Hot Docs 2014: Pipeline (2014)
The very word “pipeline” is fraught with controversy by this point and probably conjures up images of protests and oil soaked wildlife. But that’s not what you’ll find in Vitaly Mansky’s Pipeline, a visual document of life along Russia’s Urengoy-Pomary-Uzhhorod pipeline. Shot in 7 countries over 104 days, Mansky paints a picture of a pipeline more as a kind of modern spice route, stitching together various cultures, concerns and characters in unexpected ways.
Pipeline not only demonstrates actual connections – people and situations in the geographic equivalent of chronological order – but also illustrates more metaphysical links. As the camera travels along the pipeline, we see multiple feasts, funerals, cultural performances, and animals – lots and lots of animals. What seems to link all of these things is the hardscrabble life to be found along the pipeline, contrasted with the disparity of the haves and have-nots.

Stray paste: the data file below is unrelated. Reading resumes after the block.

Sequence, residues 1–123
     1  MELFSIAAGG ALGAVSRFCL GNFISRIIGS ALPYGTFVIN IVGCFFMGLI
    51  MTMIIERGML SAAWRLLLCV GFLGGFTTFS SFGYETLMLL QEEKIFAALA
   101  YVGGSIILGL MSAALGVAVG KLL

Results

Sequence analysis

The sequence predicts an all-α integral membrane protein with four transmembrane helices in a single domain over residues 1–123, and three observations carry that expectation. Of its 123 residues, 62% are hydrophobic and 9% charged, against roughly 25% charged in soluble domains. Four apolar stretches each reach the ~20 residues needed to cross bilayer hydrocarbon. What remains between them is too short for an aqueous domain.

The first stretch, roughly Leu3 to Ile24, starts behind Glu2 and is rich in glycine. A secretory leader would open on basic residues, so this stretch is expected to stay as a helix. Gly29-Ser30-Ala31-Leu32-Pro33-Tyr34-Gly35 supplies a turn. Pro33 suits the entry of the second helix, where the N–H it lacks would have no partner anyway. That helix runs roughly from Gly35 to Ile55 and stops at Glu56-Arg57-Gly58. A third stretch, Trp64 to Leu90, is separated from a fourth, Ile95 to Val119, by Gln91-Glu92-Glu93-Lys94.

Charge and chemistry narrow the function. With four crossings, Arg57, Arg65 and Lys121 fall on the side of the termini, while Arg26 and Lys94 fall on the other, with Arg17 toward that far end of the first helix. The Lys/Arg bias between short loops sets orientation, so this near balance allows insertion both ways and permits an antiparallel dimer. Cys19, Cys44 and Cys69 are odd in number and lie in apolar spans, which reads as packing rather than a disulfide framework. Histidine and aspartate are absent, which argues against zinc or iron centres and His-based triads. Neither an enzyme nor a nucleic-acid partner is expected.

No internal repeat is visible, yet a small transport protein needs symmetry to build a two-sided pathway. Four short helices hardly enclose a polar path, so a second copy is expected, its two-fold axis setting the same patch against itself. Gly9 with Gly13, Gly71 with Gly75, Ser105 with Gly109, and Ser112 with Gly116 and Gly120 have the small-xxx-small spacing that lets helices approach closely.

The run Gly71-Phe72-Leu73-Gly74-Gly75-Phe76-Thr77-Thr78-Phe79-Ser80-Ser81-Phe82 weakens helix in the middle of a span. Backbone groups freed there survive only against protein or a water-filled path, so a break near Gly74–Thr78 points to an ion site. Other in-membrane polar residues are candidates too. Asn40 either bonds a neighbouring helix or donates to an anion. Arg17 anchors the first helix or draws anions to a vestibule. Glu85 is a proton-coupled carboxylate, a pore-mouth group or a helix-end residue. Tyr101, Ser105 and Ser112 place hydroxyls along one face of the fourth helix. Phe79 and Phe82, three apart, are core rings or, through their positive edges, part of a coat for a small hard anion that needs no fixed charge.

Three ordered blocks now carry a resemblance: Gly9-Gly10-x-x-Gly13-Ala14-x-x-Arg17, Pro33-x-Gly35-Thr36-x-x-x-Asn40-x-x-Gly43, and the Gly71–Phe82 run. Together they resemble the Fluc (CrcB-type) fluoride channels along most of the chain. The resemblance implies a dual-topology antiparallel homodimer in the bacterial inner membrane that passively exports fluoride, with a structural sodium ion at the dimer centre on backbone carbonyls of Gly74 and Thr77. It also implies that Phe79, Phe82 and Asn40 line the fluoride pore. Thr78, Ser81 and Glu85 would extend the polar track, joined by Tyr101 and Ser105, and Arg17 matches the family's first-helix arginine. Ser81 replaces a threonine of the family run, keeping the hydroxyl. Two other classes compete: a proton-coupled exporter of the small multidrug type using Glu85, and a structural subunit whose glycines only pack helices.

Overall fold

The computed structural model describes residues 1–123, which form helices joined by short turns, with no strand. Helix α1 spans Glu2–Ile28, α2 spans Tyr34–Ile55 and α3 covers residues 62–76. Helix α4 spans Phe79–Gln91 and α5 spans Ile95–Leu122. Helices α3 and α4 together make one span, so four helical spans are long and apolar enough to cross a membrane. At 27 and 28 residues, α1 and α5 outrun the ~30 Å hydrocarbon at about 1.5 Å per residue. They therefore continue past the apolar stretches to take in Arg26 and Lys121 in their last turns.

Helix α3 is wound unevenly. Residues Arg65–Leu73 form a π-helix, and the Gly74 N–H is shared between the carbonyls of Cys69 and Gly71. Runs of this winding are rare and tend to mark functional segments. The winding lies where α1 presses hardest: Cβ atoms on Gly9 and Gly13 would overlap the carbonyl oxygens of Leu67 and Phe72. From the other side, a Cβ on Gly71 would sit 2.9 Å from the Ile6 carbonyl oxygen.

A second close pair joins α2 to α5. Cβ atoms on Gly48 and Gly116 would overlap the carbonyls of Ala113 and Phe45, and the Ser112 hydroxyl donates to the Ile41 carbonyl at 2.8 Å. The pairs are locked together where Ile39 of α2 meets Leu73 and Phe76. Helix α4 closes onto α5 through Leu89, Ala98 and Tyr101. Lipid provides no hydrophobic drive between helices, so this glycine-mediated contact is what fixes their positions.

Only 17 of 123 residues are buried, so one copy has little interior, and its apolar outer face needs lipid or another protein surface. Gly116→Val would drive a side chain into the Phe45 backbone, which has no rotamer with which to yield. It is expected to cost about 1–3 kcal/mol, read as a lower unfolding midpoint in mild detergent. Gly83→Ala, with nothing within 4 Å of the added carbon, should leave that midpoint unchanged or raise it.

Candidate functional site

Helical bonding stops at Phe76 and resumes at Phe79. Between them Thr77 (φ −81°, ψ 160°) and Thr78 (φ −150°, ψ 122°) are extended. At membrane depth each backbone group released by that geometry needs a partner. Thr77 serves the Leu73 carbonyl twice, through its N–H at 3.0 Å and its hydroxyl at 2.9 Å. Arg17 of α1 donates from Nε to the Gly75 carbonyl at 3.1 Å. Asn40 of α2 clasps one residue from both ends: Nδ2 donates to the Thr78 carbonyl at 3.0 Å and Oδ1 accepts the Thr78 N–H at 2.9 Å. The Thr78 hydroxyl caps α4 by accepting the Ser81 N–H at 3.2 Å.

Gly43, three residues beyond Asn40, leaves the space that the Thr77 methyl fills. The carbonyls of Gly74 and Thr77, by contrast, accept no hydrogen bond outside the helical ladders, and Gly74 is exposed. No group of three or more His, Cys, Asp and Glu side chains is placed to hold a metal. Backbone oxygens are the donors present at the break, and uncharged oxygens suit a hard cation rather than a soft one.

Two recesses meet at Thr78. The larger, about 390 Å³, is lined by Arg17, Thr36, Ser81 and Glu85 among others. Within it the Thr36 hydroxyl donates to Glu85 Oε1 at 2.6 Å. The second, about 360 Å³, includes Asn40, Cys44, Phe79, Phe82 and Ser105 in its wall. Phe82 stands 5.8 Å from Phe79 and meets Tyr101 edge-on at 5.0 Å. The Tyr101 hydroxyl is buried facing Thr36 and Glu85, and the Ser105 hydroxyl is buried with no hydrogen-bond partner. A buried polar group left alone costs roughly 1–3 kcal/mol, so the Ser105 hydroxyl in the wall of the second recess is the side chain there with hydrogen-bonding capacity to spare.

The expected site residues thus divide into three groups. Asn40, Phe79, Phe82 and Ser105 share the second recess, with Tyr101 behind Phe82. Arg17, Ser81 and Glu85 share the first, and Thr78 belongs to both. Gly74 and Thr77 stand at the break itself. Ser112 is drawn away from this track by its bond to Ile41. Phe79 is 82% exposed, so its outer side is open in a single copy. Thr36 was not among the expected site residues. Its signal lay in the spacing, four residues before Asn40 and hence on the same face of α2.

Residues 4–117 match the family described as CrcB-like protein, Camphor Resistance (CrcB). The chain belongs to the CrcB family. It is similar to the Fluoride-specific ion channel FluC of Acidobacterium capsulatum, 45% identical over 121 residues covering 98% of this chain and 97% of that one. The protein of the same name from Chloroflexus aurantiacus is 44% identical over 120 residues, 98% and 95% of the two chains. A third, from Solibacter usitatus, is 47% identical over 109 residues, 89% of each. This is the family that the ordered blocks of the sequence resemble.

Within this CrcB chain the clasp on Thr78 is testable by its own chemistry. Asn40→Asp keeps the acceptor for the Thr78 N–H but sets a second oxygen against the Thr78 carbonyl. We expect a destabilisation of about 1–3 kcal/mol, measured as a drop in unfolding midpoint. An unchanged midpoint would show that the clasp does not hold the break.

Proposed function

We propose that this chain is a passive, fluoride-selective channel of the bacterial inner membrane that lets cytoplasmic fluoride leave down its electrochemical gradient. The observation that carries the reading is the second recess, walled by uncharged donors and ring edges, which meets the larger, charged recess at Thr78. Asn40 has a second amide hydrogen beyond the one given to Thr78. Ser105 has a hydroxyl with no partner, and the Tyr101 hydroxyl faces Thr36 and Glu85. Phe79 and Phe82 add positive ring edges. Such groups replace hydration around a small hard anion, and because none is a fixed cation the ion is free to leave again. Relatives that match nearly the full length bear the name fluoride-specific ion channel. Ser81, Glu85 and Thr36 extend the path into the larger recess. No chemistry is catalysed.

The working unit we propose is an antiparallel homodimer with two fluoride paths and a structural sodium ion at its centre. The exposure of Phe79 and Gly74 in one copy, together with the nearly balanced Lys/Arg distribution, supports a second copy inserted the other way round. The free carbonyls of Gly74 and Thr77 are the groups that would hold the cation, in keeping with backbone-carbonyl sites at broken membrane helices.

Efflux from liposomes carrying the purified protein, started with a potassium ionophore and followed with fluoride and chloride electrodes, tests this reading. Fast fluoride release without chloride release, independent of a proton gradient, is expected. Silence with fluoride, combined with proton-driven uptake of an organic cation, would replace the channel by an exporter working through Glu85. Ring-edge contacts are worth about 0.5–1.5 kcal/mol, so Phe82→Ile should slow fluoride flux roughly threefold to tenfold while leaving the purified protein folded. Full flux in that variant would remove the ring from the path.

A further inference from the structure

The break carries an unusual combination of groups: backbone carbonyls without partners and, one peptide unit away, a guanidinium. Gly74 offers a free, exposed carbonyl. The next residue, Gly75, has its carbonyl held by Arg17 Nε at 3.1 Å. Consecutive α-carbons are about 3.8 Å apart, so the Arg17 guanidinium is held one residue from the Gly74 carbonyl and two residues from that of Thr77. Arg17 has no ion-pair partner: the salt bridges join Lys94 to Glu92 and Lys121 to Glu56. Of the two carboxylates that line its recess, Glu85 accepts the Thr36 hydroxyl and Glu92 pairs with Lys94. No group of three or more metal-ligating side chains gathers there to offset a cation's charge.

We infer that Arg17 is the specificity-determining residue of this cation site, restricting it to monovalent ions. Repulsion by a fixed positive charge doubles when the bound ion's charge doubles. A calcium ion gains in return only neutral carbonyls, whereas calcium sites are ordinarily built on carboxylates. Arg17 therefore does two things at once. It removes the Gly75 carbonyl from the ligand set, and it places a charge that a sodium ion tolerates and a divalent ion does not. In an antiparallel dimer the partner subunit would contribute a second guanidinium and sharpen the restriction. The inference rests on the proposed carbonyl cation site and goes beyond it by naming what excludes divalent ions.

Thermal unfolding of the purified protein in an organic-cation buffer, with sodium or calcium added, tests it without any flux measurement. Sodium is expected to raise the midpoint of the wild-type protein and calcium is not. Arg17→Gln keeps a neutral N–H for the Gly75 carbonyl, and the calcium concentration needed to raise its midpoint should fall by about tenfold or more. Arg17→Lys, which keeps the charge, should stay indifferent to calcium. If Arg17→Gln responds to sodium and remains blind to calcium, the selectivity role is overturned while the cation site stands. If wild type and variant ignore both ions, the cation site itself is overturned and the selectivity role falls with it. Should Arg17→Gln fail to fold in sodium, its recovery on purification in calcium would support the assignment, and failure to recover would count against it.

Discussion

There’s also a lot of travel via various means of conveyance – sleds, snowmobiles, reliable feet, and even a train car that doubles as an orthodox church. But though the camera ranges far along with these people, a theme emerges along the length of the pipeline – there’s little opportunity to be found and life is tedious. Pipeline, however, is not tedious. It’s fascinating, beautifully shot, and totally worth seeing.
Screening Times for Pipeline
Isabel Bader Theatre Fri, Apr 25 1:30 PM
Royal Cinema Sat, Apr 26 9:45 PM
Regent Theatre Sat, May 3 6:30 PM
Hart House Theatre Sun, May 4 3:00 PM